The Brain Chemistry Link Between Food Addiction and Narcolepsy

I like to say that my brother has an addictive personality.

I introduced him to George R. R. Martin’s A Song of Ice and Fire series, and he read the four books that were published at that point in a little over three weeks. I introduced him to the Showtime series Weeds, and when I saw him next three days later, his eyes were bloodshot, his hair uncombed, yet he excitedly talked about the events of season 5. He had binged.

The word “addiction” and all its derivations get thrown around a lot these days. We playfully say that our girlfriends are addicted to chocolate when the bag of M&Ms shows up each month about the same time. We half-heartedly say that friends are addicted to reality TV when we notice that the TV is always on Bravo when we stop by.

But the word “addiction” has a serious and life-altering meaning. Addictions are neurological conditions that might be treatable.

Recently, scientists in England showed that a narcolepsy medicine can help curb additions.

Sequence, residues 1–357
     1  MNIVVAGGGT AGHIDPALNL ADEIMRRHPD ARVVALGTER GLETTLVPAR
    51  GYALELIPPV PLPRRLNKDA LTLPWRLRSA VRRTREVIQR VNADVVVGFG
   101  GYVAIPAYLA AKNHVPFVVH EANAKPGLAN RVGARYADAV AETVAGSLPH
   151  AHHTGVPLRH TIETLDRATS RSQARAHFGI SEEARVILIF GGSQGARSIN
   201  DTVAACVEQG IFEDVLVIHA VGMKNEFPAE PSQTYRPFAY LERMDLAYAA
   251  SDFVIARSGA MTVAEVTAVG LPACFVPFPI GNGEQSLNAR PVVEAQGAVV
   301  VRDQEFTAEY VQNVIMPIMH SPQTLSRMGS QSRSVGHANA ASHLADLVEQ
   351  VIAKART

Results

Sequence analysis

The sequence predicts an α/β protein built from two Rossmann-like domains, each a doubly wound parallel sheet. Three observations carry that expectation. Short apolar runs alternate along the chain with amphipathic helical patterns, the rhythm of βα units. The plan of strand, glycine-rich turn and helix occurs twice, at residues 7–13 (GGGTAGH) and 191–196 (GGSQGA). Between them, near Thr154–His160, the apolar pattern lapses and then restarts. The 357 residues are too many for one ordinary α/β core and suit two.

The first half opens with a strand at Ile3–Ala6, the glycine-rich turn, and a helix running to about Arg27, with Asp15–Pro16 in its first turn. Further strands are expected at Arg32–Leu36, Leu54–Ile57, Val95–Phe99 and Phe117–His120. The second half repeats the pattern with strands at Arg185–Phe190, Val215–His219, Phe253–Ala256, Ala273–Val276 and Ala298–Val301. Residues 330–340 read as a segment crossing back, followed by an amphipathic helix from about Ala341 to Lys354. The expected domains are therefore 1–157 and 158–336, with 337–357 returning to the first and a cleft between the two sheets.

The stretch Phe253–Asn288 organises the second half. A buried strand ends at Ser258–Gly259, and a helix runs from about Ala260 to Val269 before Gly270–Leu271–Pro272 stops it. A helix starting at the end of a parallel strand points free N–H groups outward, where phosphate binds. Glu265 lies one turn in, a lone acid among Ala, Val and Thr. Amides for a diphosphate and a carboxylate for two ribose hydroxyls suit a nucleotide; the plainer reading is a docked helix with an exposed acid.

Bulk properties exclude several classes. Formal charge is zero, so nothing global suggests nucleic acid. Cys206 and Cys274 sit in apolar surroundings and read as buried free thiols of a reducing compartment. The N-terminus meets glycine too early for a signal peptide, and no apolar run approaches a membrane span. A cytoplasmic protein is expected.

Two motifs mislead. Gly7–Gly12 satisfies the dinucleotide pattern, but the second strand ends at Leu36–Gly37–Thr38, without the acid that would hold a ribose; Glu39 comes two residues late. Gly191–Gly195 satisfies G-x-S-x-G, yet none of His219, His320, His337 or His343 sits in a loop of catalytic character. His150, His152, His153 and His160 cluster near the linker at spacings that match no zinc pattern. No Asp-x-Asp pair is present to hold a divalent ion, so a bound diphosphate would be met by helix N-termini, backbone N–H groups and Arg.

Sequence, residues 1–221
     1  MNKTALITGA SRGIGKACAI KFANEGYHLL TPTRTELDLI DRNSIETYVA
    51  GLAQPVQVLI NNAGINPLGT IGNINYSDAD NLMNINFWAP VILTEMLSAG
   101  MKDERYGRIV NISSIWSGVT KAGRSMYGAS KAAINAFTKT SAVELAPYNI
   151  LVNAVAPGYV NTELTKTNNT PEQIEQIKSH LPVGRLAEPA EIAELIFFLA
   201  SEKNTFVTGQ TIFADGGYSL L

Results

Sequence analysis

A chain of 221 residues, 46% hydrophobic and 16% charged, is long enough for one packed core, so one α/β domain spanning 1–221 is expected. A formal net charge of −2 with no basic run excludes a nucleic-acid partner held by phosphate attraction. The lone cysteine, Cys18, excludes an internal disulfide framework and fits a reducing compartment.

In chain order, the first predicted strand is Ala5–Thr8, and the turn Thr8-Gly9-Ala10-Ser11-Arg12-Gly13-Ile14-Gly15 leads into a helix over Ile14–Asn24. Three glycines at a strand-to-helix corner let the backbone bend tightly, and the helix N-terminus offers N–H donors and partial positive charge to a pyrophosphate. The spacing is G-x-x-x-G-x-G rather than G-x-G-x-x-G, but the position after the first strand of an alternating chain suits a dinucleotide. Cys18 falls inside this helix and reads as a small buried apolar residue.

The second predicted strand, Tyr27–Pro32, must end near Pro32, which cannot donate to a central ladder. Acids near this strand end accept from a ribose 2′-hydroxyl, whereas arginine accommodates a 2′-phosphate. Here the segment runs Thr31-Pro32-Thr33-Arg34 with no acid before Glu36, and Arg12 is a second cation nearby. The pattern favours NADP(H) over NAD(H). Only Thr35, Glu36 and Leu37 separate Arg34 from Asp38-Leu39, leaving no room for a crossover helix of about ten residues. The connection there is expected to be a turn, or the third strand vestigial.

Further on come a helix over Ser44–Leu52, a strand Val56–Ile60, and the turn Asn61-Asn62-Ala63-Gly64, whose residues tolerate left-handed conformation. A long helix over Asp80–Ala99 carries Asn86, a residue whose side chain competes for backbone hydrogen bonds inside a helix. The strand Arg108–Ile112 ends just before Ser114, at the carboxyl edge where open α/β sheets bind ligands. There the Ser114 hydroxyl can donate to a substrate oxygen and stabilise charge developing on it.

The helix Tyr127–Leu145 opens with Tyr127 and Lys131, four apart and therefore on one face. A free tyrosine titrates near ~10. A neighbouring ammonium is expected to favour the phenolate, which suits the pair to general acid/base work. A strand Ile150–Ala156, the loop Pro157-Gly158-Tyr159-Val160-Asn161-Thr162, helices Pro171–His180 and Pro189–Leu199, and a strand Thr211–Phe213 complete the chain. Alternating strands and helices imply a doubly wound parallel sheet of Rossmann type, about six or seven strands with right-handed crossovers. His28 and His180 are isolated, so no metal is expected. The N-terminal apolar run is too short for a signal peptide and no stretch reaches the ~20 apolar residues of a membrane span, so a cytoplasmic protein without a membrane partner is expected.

It seems that addiction is related to the chemistry of the brain. For example, people with food addictions, in particular overeating, seem to require more food with fats and sugars to release the same amount of dopamine into their brains. Dopamine is sometimes called the calming chemical due to its ability to create a semi-euphoric feeling.

For a person without a food addiction, a moderate amount of a certain food will trigger an appropriate amount of dopamine to be released. For someone with a food addiction, more fatty and sugary food is needed to release the same amount of dopamine.

If we were able to restore the ability to release dopamine at the appropriate level, impulsive/addictive behaviors can be curbed.

Enter Modafinil. It is a drug that is marketed to help people with sleeping disorders, including narcolepsy. A study shows that people taking Modafinil experienced a decrease in their impulsive behaviors.

Read more about the study by clicking here.


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